Ireland’s Balance Sheet Recession

I’ve been banging on about Ireland being in a balance sheet recession for some time. Richard Koo’s latest paper in Real World Economic Review (.pdf) has some really interesting charts, including one on Ireland’s balance sheet recession, which I reproduce below.

Koo on Ireland.

By Stephen Kinsella

Senior Lecturer in Economics at the University of Limerick.

43 replies on “Ireland’s Balance Sheet Recession”

Id be interested to see how much of the household incresase is deleveraging and how much is savings due to skepticism of future growth. Likewise for business, although they’re not as levered as households so prob growth skepticism – not unreasonably. This would suggest banks are being truthful struggling to meet SME lending target?

If we’re in debt-deflation then the real debt burden gets larger except it’s externally financed so financial repression won’t work. As we’re already at the Keynesian lower bound is it pretty much game over?

@ Stepehn Kinsella

Could you expand a bit on what you think is happening with regard to the red dotted line.

What I see is that up to 2008 households and companies were spending more than they earned, but after 2008, they are saving more than they earn. But ‘saving’ might be paying off previously incurred debts – as Inscrutable suggests. Any further detail on this?

To expand on that, Koo was on newsnight a few weeks ago when he said that following Japan’s balance sheet recession, attitudes to debt fundamentally changed. You couldnt throw money at the Japanese. This allowed the state to lever up its balance sheet to 230% GDP because the aging Japs had lots of domestic savings in state banks which could be tapped.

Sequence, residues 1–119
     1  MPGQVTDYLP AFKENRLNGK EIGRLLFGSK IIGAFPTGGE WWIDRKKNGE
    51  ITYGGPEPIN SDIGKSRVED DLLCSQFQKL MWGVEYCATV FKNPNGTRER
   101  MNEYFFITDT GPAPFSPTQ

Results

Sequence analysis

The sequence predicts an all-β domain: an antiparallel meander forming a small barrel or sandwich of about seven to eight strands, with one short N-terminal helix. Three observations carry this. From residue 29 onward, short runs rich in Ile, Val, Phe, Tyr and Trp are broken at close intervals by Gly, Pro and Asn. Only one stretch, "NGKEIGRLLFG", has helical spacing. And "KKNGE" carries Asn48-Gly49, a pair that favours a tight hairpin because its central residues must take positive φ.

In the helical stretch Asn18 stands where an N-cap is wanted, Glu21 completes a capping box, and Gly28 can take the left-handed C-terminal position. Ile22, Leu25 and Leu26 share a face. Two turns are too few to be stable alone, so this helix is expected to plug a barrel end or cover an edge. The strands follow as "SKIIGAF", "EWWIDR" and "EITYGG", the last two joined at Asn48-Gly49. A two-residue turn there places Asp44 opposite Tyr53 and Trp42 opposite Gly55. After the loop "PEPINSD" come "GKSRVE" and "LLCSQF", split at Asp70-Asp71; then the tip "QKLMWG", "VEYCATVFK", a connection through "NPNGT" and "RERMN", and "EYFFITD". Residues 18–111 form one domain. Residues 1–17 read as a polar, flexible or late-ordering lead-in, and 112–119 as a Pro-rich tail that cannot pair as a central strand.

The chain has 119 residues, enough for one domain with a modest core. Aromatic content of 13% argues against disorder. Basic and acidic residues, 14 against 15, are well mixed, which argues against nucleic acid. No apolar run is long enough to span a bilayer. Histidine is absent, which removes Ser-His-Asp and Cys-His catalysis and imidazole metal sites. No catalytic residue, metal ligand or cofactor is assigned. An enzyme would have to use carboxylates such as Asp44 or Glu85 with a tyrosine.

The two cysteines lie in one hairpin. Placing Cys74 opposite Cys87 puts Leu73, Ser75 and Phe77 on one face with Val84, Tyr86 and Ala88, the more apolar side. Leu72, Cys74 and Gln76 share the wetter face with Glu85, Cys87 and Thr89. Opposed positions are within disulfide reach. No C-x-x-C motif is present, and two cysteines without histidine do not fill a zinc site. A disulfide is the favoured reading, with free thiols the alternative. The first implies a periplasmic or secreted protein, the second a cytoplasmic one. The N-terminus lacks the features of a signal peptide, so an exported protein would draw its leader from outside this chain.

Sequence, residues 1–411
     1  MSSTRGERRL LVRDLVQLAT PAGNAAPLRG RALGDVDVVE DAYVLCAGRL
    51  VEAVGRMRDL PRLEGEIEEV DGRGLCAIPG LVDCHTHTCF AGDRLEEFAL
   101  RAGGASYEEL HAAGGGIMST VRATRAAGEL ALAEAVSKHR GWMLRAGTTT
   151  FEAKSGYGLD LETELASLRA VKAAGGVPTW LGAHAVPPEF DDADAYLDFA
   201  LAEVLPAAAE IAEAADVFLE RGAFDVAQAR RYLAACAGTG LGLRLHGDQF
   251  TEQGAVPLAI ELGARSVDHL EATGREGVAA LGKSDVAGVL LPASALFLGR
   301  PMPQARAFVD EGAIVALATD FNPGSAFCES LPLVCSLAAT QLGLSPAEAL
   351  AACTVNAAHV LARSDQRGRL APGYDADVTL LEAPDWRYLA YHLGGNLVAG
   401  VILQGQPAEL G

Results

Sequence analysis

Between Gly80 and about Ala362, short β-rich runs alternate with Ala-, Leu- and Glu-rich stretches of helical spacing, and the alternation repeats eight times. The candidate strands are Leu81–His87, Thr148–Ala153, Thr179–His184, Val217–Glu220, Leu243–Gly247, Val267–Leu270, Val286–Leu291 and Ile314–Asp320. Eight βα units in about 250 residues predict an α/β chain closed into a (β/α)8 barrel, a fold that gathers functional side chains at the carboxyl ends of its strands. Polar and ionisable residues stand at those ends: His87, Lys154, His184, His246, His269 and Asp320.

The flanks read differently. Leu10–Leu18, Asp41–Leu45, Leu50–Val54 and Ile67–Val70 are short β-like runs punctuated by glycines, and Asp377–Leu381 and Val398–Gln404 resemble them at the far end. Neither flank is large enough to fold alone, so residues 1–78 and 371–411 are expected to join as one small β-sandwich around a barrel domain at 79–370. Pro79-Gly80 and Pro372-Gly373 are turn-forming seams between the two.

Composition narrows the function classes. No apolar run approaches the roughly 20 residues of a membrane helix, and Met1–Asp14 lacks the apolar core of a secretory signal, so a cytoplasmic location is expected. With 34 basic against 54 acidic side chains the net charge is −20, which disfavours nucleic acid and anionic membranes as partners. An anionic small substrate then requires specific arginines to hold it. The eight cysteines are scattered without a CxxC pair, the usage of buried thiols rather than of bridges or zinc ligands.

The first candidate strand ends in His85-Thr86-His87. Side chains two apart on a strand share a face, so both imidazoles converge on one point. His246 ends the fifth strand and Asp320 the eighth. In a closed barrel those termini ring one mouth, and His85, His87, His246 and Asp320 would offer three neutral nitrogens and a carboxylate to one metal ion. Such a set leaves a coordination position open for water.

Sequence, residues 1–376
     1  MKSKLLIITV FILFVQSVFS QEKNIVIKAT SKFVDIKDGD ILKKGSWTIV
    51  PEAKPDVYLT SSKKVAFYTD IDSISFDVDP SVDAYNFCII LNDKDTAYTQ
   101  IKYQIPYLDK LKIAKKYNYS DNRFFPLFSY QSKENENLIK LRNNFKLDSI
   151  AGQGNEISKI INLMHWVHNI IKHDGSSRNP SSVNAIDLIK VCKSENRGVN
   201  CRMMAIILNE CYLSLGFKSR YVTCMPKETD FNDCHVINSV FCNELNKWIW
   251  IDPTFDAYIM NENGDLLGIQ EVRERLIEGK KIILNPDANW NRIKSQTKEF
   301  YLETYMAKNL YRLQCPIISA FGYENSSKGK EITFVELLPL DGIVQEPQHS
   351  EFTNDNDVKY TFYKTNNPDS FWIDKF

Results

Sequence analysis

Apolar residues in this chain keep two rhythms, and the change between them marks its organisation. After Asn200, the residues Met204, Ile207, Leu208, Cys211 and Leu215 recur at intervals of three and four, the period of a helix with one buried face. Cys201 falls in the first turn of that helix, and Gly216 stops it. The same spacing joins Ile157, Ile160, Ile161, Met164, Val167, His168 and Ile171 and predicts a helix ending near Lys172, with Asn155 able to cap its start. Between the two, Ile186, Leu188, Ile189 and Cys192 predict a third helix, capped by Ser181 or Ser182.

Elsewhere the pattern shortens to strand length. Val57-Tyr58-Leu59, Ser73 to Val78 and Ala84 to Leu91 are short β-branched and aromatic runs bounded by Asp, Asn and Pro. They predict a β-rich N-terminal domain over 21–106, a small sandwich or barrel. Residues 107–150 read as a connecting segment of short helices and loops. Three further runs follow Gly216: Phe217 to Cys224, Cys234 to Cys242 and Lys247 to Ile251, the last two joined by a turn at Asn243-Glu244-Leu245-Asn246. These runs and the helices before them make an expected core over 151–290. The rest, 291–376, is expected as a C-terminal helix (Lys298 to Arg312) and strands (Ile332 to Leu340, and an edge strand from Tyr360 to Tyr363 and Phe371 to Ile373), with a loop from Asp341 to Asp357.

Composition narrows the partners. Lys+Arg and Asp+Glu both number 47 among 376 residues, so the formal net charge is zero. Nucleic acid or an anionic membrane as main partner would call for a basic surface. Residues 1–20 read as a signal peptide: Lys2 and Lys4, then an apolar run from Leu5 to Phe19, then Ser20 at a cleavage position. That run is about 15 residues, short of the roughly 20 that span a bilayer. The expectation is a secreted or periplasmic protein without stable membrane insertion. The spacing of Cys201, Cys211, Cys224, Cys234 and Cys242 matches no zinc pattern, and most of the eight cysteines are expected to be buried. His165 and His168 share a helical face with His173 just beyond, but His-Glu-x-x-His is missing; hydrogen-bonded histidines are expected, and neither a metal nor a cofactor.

A similar attitude shift happened in the 1930s – people become allergic to debt. A survey should be done to see if that has happened here. If it has we’re up the creek. If not, it’s not clear that investments by businesses with a ten year horizon can yield a return higher than their finance cost. A two year ZIRP teaser loan is likely to require refinancing at a higher rate – it was the ultra low rates wot got us the present malinvestment. Aging western economies are facing structurally lower growth rates, better to invest in emerging ones.

That is an insightful article with lots of Eurozone and Irish relevance. His discussion of the long-term impact of “debt trauma” following balance sheet recessions is relevant to Ireland’s longer-term economic outlook. He mentions Ireland but does not discuss the differences in the case of a small open economy and how that impacts the analysis for a country like Ireland – it is mostly based on Japanese and US histories.

@ Gregory Connor

True, but Ireland is not just any old SOE. We a have a dual economy, with a very opaque, financialised, foreign-controlled, export sector. The under-researched elephant in the economic room.

We are also in a programme of assistance, which entails a formal loss of control over macro-economic policy. Sovereignty was already constrained by the power of internal rent seekers and stakeholders, and, as Paul Hunt is always telling us, that nexus is massively entrenched and resistant to reform.